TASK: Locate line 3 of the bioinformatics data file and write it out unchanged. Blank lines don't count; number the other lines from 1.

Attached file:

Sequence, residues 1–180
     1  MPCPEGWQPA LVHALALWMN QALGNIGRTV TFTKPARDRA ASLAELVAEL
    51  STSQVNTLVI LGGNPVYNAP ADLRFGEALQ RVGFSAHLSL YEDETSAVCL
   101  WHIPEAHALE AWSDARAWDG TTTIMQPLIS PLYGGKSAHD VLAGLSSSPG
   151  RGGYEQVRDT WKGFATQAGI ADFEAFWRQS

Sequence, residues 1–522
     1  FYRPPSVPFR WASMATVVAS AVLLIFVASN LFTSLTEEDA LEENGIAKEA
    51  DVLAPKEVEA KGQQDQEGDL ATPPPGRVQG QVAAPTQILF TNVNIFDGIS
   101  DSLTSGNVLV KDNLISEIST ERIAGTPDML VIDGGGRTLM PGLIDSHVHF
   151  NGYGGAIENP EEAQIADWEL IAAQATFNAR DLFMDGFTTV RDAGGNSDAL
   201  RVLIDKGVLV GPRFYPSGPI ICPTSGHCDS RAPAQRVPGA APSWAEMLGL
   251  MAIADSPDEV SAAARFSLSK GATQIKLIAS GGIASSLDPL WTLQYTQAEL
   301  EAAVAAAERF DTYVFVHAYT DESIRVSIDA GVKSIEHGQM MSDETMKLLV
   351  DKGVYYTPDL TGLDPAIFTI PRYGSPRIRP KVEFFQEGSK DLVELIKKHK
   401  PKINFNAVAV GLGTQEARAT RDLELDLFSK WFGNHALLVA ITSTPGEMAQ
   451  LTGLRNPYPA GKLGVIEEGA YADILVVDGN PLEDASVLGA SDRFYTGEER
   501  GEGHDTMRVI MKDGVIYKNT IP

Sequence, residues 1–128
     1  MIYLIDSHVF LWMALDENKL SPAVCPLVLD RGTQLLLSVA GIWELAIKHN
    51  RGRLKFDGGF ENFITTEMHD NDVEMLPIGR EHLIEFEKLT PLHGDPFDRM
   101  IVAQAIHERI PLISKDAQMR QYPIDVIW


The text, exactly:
    51  STSQVNTLVI LGGNPVYNAP ADLRFGEALQ RVGFSAHLSL YEDETSAVCL